Food for the Hungry has helped Lopez complete middle school and eventually become the first person in her family to finish high school. She is now a bilingual teacher of Spanish and Pokomchi, her native language.“I am very happy because I have accomplished something that I knew God had planned for me. But I wouldn’t be where I am today without the help of Brad Titus, my sponsor. I have a lot of gratitude and respect for him. Because of his love andgenerosity, I too can be an example of courage and hope to many young people in my community.”
Chris Young’s trailer was in disrepair before heavy rains saturated Windsor, N.C., in September. So when the river near his trailer overflowed into his home, his only source of shelter became completely unlivable—until Samaritan’s Purse disaster relief team stepped in to help with repairs. The Red Cross also contributed by donating enough money to buy Young (pictured left) and his family a new bed, microwave, space heater and linens.
Seeing the change in Young was remarkable, says Todd Taylor, who headed the compassionate effort in Windsor. “When he came in Friday morning he was weeping and very emotional. He did not have a place to stay and [had] no hope. Chris knows the Lord, and as we discussed what we could do, all he would say was he knew the Lord would make a way. He is so excited and his faith in the Lord’s provision is so incredibly strong and unwavering [now].”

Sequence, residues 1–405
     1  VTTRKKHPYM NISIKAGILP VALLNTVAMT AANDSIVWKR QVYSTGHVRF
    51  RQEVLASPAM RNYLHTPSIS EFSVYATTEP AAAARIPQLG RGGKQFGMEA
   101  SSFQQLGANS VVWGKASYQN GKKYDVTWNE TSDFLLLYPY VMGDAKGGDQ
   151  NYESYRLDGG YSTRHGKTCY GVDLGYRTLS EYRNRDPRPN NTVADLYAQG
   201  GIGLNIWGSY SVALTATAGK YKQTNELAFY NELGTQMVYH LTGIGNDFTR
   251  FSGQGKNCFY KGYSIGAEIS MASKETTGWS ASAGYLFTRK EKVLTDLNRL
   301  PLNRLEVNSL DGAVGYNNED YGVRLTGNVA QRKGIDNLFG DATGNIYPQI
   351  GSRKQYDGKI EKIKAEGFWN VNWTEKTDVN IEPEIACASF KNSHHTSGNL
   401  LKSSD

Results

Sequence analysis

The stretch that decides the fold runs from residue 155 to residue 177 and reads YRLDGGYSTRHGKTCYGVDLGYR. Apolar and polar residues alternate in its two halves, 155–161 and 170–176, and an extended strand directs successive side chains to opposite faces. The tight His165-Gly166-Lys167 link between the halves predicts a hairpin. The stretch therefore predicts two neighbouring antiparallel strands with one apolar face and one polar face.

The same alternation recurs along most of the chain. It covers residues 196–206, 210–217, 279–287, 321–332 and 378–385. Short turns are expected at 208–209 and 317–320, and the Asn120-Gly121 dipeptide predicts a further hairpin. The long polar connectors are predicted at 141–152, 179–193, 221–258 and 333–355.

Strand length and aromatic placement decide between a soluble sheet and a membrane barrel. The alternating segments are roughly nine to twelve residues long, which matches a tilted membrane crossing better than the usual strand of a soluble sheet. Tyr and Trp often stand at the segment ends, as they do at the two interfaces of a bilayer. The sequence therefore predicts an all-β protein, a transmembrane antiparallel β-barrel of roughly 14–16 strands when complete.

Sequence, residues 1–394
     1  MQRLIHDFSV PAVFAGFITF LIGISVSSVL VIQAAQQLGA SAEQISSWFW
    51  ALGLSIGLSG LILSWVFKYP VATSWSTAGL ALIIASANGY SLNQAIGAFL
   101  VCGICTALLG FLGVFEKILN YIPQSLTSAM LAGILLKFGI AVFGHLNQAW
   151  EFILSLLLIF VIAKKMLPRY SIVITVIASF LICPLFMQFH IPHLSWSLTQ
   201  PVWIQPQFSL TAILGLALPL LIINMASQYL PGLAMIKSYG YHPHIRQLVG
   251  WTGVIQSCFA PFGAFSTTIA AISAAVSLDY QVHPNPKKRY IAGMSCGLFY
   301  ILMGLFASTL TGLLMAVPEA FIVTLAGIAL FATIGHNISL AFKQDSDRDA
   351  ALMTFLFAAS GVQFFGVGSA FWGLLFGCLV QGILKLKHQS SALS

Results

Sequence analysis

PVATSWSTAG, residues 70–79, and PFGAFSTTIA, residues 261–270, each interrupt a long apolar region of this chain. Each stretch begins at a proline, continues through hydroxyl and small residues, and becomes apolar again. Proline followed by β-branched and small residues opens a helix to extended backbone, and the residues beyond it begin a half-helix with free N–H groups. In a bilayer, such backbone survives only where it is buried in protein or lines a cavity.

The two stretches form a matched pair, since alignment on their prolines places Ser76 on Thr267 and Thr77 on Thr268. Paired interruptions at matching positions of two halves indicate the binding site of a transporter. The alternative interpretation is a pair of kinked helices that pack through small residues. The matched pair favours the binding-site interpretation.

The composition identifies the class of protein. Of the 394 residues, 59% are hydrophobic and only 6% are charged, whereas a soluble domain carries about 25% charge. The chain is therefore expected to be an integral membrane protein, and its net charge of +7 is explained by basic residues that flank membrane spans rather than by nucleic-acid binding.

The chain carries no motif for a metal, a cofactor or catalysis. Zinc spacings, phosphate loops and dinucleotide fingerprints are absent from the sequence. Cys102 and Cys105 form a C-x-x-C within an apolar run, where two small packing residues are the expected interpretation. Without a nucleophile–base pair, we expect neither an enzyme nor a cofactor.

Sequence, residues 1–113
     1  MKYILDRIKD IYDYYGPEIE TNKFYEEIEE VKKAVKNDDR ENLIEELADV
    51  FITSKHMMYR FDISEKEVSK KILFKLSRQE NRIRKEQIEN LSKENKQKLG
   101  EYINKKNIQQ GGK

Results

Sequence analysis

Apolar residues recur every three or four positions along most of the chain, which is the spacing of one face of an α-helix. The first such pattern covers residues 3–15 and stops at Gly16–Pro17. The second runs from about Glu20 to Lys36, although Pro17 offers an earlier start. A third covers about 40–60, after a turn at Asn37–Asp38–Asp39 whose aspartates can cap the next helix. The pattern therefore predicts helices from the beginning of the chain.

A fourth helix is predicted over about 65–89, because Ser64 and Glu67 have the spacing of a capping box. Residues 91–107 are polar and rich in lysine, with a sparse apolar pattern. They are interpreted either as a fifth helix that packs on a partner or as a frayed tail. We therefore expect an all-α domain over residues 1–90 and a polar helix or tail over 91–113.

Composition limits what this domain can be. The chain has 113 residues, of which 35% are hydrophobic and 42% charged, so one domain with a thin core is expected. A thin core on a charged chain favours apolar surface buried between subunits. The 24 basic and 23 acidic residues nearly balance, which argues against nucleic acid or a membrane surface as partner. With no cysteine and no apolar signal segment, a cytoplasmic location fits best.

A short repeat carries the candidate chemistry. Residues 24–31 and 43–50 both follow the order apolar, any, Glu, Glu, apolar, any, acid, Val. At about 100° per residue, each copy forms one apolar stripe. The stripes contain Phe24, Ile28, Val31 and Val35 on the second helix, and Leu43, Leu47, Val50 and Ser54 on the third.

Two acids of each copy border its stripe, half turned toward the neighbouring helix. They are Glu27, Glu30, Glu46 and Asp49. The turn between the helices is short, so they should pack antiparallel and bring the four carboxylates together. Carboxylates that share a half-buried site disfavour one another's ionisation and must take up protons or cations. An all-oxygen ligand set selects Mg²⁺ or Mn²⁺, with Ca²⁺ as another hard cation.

For one couple, giving to those in need changed not only their lives but also the makeup of their family—and the course of their ministry. In August 1989, missionaries Charlie and Cathy Milbrodt heard of twin-boy infants who had miraculously escaped death. After traveling deep into the jungle of the Golden Triangle region of Thailand, they purchased the boys—who weighed 4 and 5 pounds and were filled with infection—for a mere $4.
The Milbrodts set out in search of a home for the babies but soon realized that God’s plan for them was to raise the boys and start a children’s home for other unwanted young people. It wasn’t long after the twins’ birth that the Milbrodts launched Abundant Life Children’s Home, which after 20 years is still providing clothing, food, shelter, medical support and an education to the “unloved” children of Thailand. The Milbrodt twins, now in college, have plans to graduate school and return to Thailand to help their parents with the ministry.
In an effort to support ministering to Thailand’s “unloved” children, Abundant Life Children’s Home started Mai Tai Coffee with the hope that the coffee business would fully fund the children’s home. Currently at least 500 farmers have become Christians as a result of the ministry and are provided the materials and training to grow coffee. They’re also given above-market prices for the coffee.
The ministry’s leaders say this coffee business has radically transformed the lives of many in Thai villages.